6. "If it is not the world, it is what the world might be with a minor adjustment or two. According to some, this is one of the main purposes of fiction." (Amazon version) "Maybe it's not the world, but with a minor adjustment or two it's what the world might be." (book version)
  7. "Let the reader decide, let the reader beware. Good luck. —Thomas Pynchon" (Amazon only)

Spoiler-free Commentary on the differences

The book jacket omits two extremely important statements, numbers 2 and 7 above, important because they are rare instances of Pynchon stepping outside of his fiction to articulate the motivations behind his art: veiled satire of the present day and, secondly, imagining what he considers a better world. Pynchon's statement of "the world as it might be" is echoed on page 51 of the text.

and one or two places, strictly speaking, not on the map at all
Cf. Moby Dick, Chapter 12, first paragraph: "Queequeg was a native of kokovoko, an island far away to the West and South. It is not down in any map. True places never are."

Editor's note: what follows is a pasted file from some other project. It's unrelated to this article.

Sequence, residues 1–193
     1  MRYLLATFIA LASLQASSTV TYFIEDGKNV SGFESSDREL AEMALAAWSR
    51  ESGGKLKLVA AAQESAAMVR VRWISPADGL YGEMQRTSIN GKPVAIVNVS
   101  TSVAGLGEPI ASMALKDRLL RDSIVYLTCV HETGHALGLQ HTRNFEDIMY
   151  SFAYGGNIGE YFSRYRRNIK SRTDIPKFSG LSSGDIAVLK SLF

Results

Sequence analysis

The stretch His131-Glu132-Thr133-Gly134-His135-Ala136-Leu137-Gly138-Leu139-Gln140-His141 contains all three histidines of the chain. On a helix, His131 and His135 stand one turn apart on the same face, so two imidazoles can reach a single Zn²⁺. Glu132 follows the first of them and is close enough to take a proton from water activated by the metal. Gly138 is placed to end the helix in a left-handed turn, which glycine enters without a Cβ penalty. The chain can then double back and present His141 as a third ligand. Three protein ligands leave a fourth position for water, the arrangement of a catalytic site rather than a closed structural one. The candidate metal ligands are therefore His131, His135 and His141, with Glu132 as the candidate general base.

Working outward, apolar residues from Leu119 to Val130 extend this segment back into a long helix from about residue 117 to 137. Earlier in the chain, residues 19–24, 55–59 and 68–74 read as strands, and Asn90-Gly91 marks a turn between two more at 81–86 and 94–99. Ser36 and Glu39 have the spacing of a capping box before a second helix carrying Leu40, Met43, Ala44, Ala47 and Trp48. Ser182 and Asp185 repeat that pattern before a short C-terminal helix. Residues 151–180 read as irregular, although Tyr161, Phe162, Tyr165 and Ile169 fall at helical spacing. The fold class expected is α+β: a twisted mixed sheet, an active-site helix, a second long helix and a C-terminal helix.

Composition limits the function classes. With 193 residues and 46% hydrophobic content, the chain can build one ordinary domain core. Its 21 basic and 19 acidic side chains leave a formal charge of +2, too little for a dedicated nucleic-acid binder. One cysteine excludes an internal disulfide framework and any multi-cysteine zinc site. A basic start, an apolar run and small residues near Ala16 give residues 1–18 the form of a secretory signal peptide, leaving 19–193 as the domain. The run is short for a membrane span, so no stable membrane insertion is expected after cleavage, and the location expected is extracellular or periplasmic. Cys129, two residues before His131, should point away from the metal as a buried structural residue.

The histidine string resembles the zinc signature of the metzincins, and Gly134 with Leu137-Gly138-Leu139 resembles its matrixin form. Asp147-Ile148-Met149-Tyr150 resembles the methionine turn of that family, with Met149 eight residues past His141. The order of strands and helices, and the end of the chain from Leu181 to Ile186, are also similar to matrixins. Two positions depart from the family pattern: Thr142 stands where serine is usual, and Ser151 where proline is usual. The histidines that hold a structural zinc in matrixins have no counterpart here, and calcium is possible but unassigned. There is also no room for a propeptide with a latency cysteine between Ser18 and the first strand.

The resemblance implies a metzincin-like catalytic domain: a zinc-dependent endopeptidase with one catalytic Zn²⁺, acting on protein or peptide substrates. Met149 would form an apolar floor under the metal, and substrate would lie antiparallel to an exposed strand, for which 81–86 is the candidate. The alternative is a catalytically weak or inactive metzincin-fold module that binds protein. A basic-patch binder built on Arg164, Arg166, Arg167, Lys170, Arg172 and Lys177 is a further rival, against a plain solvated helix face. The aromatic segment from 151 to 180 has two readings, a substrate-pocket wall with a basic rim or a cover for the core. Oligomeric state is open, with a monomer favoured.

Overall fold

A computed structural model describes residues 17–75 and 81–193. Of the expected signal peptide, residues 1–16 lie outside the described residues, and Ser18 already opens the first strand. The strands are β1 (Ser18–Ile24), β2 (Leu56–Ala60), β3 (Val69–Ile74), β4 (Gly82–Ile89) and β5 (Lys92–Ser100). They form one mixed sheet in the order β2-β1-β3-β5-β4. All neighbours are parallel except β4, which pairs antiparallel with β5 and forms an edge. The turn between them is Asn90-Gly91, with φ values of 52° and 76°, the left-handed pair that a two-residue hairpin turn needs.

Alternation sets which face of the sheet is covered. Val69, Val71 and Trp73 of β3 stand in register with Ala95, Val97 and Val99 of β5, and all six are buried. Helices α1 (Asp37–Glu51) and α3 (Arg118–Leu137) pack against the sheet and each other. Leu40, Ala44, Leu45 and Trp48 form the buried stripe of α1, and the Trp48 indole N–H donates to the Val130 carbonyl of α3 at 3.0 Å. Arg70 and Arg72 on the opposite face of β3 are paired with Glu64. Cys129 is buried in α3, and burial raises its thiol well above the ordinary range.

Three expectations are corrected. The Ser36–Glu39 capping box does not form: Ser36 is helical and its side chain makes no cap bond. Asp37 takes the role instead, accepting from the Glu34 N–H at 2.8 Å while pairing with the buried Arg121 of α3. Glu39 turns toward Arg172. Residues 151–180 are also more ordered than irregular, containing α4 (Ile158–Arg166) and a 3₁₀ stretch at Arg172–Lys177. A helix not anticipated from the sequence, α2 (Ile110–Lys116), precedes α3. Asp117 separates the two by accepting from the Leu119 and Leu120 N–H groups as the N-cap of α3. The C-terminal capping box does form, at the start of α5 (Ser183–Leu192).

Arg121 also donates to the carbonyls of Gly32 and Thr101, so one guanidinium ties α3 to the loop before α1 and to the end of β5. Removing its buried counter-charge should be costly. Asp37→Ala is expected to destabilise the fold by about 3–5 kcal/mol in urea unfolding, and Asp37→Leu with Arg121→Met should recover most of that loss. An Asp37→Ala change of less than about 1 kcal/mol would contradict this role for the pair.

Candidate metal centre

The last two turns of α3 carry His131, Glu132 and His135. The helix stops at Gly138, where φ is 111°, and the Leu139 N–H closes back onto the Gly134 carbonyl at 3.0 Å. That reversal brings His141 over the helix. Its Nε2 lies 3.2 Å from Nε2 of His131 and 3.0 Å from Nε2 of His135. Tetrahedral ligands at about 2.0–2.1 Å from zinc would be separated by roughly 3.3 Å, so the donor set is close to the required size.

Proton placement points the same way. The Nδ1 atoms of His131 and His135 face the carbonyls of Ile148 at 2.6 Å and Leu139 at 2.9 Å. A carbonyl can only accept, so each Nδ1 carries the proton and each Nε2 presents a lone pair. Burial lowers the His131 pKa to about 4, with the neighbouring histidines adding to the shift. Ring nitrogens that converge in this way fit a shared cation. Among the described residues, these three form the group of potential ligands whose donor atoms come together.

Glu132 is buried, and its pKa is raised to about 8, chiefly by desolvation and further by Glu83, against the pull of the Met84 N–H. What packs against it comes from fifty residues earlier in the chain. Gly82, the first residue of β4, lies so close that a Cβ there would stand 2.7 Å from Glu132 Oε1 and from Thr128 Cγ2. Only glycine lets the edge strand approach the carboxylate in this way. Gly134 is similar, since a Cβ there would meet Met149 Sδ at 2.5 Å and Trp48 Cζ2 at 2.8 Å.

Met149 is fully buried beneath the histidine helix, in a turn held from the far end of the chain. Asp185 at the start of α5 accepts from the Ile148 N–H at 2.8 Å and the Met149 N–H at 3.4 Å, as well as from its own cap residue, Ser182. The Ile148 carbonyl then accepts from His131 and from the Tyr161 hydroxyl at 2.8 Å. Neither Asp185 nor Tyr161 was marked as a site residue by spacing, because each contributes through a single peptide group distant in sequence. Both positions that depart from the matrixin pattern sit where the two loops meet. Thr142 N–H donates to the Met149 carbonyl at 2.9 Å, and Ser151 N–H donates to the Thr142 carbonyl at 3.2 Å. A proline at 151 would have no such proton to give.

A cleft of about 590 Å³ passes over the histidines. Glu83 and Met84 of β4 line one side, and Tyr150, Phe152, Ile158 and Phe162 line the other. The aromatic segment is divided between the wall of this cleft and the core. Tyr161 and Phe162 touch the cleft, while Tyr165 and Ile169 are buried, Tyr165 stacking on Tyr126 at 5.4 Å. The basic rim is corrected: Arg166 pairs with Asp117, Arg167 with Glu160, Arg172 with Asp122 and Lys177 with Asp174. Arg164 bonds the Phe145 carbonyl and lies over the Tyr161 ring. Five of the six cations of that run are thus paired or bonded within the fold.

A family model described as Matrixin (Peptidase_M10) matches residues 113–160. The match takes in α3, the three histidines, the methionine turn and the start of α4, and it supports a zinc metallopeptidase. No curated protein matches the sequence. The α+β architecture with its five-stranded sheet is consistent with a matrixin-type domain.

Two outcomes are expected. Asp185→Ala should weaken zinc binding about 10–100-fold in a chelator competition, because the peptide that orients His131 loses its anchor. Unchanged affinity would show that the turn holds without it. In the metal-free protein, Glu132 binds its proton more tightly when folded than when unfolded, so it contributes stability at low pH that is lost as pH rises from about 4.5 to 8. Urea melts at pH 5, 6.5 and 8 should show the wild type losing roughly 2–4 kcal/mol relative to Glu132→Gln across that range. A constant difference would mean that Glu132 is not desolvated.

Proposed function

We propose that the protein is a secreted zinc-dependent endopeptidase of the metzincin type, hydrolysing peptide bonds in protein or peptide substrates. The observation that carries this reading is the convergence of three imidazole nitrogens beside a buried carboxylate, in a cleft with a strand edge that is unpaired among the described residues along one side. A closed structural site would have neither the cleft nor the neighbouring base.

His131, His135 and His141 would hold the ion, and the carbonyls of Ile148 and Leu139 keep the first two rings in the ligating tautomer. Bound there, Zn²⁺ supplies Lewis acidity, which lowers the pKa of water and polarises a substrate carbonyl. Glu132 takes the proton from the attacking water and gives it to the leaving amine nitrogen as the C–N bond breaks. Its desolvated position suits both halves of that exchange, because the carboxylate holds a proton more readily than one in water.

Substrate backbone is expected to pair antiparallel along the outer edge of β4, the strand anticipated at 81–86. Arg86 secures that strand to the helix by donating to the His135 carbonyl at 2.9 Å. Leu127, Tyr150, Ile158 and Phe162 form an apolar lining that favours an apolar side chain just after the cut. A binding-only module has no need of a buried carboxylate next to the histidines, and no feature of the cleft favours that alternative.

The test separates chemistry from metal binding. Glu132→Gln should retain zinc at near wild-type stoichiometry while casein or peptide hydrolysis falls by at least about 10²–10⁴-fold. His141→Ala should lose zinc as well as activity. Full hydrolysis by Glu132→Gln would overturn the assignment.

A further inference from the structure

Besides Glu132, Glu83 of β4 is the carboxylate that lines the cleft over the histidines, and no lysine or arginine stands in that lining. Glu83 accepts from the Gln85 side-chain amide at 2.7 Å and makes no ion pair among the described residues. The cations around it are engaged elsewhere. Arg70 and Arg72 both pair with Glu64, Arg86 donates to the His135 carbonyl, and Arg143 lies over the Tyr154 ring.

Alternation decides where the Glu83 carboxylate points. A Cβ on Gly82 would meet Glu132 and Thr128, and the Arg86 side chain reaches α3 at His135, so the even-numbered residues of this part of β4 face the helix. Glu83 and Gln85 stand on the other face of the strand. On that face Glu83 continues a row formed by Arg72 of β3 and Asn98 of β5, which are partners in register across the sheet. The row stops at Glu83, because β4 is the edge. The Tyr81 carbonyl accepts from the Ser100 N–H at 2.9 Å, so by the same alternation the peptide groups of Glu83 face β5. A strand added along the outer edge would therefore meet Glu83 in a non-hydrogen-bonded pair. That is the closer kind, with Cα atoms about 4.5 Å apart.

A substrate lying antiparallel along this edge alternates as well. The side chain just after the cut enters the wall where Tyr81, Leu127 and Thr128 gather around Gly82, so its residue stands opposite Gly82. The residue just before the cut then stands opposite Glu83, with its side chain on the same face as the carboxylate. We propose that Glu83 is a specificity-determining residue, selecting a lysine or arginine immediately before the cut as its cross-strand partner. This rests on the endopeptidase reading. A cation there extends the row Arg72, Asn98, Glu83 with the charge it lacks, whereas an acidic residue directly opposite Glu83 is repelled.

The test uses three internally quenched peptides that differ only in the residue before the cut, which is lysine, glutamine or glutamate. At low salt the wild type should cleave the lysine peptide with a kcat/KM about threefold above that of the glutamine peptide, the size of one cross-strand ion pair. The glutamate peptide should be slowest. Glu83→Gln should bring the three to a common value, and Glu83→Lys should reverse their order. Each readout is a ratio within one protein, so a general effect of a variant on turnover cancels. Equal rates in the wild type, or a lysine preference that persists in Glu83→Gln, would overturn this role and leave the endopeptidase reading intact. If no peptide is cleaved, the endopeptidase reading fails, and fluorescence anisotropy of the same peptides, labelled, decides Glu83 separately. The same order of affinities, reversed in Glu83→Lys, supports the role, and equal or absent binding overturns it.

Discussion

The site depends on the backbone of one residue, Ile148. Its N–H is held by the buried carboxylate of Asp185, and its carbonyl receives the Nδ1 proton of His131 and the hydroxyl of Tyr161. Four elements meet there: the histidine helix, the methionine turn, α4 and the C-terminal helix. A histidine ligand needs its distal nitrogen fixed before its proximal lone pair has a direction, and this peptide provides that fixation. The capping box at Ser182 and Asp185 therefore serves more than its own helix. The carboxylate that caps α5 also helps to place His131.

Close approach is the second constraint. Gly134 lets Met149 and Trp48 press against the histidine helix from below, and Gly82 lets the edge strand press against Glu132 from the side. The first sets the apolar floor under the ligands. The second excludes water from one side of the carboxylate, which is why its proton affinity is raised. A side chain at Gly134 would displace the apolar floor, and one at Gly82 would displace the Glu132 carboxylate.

"Let the reader decide, let the reader beware" may be a reflection of Pynchon's seemingly anti-critic stance, part of his larger anti-reporter and generally anti-mass media stance. Although one source tells us that Pynchon "follows the reviews and evidently cares what critics say about him," the fact that reviewers are always given so little time to review his novels suggests that he mistrusts them, or at least prefers to have readers themselves judge the merit of his books. This statement lends credence to that assumption.

Further, Pynchon may be warning his readers to "beware" of not only critics, but the difficulty of the book itself. That "good luck" could mean a lot of things. It may be interpreted as a kindly message to his readers, but also "good luck" reading this enormous, difficult novel...! Also, it is possible that Pynchon may guess or intend that AtD will be his final novel (for the simple fact that he is pushing 70 and takes a decade to write one, and, additionally, the title of Part Five of AtD). If that's the case, and it's by no means certain, this "good luck" may end up being, whether intended or not, his final statement of best wishes to his readers.

Against the Day Alpha Guide
A·B·C·D·E·F·G·H·I·J·K·L·M·N·O·P·Q·R·S·T·U·V·W·XYZ top of page
Personal tools